What is Biology?
How can there be seedless grapes, and how do they reproduce? Why is carbon monoxide extremely poisonous? Why can't you tickle yourself? What causes the smell after rain? How do vitamins work? What's all this fuss about stem cells? What makes us yawn? Why are frogs growing extra legs out of their legs? Which came first, the chicken or the egg?
Biology is the study of living things and their vital processes. Because biology covers such a broad area, it has been traditional to separate the study of plants (botany) from that of animals (zoology), and the study of structure of organisms (morphology) from that of function (physiology). Despite their apparent differences, all the subdivisions are interrelated by basic principles, so current practice tends to investigate those biological phenomena that all living things have in common. The advancement of knowledge and technology has resulted in further categorizations that include, but are far from restricted to: cell biology, population biology, ecology, genetics, biochemistry, molecular biology, microbiology, and physical anthropology.
The number of different animal and plant species on earth is estimated at between 2 million and 4.5 million. We are presently killing off species through human action at a faster rate than at any other time, but we are also discovering new oceanic species at an increasing rate.
It is not known when the study of biology originated, but it can be safely assumed that early humanoids had some experimental knowledge of the animals and plants around them. One's very survival relied on the recognition of poisonous plants and on the basic understanding of the habits of predators. Many of the earliest records of biology come from the bas-reliefs left behind by the Assyrians and Babylonians. Papyrus and artifacts found in tombs and pyramids indicate that the Egyptians possessed considerable, albeit archaic by today's standards, medical knowledge. There is growing evidence from China and India as early as 2500 BC that there were general practices of therapeutic healing, silkworm use to produce silk, biological control of crops ,and agricultural cultivation.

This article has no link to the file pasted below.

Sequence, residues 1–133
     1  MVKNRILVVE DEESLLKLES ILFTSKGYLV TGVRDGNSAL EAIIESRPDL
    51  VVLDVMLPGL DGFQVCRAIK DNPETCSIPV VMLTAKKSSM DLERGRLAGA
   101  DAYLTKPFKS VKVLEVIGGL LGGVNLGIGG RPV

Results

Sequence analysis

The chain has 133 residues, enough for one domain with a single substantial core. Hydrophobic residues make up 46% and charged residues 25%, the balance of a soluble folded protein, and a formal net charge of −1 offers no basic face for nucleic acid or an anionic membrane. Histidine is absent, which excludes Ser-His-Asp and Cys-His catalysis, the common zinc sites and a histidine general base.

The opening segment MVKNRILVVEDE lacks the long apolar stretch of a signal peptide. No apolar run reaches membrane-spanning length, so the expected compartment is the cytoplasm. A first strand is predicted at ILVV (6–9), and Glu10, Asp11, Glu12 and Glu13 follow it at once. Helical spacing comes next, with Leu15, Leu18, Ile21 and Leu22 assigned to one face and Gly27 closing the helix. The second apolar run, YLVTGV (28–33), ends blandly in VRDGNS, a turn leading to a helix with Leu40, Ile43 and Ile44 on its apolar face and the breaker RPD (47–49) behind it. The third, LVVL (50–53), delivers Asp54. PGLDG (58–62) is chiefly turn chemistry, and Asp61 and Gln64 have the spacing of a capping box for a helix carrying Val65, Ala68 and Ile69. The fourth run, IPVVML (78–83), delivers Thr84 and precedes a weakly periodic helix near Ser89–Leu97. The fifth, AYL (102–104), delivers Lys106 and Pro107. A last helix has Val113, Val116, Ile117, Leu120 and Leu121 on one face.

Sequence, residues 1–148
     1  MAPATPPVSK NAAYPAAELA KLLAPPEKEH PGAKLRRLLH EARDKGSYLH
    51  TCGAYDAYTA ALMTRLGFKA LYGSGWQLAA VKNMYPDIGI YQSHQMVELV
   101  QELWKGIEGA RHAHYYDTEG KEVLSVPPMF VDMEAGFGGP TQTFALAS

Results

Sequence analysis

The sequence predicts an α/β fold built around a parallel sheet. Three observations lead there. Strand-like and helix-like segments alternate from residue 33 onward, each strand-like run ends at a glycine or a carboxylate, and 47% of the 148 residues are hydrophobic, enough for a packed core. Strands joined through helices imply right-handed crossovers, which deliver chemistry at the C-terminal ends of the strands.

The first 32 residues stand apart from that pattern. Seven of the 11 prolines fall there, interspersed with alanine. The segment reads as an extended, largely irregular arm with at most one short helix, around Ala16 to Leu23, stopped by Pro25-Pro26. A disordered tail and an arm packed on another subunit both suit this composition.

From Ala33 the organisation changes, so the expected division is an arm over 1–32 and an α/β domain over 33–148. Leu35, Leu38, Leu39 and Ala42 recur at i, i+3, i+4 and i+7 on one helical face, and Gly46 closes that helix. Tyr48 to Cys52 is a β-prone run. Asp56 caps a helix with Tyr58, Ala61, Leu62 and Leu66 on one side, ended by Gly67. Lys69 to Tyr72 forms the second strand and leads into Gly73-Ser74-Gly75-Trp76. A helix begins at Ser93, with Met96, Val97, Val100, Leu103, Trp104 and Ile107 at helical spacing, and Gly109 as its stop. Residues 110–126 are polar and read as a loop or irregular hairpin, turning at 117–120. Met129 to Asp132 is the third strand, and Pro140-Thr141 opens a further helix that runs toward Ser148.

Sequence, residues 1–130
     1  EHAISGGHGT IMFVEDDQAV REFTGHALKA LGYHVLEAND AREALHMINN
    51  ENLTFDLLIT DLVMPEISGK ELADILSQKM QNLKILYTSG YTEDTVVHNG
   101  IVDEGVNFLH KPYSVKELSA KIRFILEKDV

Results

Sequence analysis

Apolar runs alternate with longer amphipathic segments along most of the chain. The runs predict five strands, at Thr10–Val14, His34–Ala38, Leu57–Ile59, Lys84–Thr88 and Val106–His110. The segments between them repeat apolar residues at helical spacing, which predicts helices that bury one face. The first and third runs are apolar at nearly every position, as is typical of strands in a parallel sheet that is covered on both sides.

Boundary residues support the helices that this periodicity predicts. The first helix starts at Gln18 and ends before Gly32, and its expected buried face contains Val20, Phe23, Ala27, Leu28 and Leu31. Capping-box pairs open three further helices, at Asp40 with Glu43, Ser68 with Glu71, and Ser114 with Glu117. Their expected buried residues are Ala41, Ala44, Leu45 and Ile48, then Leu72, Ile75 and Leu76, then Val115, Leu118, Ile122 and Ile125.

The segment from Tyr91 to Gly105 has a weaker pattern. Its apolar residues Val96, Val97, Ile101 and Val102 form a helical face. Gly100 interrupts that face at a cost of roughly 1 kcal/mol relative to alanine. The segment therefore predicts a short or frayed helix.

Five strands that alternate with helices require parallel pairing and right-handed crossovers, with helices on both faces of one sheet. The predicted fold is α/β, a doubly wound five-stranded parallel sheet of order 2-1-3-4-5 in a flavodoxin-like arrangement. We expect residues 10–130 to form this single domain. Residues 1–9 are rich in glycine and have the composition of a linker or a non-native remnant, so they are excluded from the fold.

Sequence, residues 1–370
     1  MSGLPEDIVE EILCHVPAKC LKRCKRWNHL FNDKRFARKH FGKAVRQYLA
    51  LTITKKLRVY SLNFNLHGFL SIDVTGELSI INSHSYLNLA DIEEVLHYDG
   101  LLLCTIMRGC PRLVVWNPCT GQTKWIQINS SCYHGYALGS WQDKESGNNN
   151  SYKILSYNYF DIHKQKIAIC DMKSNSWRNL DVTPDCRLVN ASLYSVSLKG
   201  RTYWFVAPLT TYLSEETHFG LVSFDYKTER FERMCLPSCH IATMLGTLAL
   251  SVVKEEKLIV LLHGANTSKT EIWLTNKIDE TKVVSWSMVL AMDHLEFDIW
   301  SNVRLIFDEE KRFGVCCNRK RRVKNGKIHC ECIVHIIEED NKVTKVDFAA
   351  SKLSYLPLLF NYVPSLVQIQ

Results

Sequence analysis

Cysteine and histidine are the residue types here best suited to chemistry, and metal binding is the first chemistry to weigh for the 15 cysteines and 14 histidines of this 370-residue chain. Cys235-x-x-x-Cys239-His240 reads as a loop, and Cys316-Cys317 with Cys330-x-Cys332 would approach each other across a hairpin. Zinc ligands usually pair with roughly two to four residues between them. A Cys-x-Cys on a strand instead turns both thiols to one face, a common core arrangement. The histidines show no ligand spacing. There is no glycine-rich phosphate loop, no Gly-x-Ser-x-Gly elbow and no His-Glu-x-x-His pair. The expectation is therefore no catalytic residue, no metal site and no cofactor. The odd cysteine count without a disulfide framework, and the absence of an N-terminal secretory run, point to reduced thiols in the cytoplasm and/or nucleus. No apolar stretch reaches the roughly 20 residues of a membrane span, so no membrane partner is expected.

With the arrival of Greek civilization, the study of biology shifted dramatically to a belief that every event has a cause and that a particular cause produces a particular effect. These philosophers of science assumed the existence of a natural law governing the universe; a law that can be comprehended by man through his use of observation and deduction. Although they established the science of biology, their greatest contribution to science was the idea of rational thought.
Skipping forward through the rapid evolution of biological advancements to today, recent discoveries concerning hereditary mechanisms and genetic engineering have raised ethical issues beyond our previous imagination, and have potential ramifications that could affect the very existence of life itself. It will be interesting to see what is to come in the future!
With over 7 billion humans on Earth today, and growing explosively. We are rapidly stretching the limits of our planet to sustain life as we know it. Global warming, depleted food sources, desertification, weather pattern changes, shrinking ozone layers, and rising ocean levels are warning signs of these stresses.
This is where you can get involved! Whether you enter the doors of biological science or sit on the outside, become informed of the advancements in biology. Make educated choices to support or be critics. Become informed!
Biology Courses are currently offered at Kwantlen on the Surrey, Langley and Richmond Campuses. Check out these offerings in the Calendar. If you need science or Q credits for your non-science degree, have a look at our Biology Today (BIOL 1112) course. It's interesting and it will inform you on the most recent contemporary biological topics in the news.